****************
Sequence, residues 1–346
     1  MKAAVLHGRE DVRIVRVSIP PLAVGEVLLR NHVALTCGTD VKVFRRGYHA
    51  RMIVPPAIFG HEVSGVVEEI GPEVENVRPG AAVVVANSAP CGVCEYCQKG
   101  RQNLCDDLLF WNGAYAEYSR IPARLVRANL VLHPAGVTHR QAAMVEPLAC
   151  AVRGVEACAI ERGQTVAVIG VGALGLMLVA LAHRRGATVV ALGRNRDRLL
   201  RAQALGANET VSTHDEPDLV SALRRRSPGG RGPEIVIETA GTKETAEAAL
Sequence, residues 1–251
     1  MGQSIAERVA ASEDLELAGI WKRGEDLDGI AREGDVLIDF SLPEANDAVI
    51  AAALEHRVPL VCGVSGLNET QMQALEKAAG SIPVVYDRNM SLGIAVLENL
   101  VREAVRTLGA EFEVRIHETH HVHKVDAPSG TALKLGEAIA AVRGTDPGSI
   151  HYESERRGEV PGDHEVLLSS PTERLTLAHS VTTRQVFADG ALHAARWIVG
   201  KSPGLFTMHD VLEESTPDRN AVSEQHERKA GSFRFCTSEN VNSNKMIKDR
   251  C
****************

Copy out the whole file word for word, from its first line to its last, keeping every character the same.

Sequence, residues 1–346
     1  MKAAVLHGRE DVRIVRVSIP PLAVGEVLLR NHVALTCGTD VKVFRRGYHA
    51  RMIVPPAIFG HEVSGVVEEI GPEVENVRPG AAVVVANSAP CGVCEYCQKG
   101  RQNLCDDLLF WNGAYAEYSR IPARLVRANL VLHPAGVTHR QAAMVEPLAC
   151  AVRGVEACAI ERGQTVAVIG VGALGLMLVA LAHRRGATVV ALGRNRDRLL
   201  RAQALGANET VSTHDEPDLV SALRRRSPGG RGPEIVIETA GTKETAEAAL
Sequence, residues 1–251
     1  MGQSIAERVA ASEDLELAGI WKRGEDLDGI AREGDVLIDF SLPEANDAVI
    51  AAALEHRVPL VCGVSGLNET QMQALEKAAG SIPVVYDRNM SLGIAVLENL
   101  VREAVRTLGA EFEVRIHETH HVHKVDAPSG TALKLGEAIA AVRGTDPGSI
   151  HYESERRGEV PGDHEVLLSS PTERLTLAHS VTTRQVFADG ALHAARWIVG
   201  KSPGLFTMHD VLEESTPDRN AVSEQHERKA GSFRFCTSEN VNSNKMIKDR
   251  C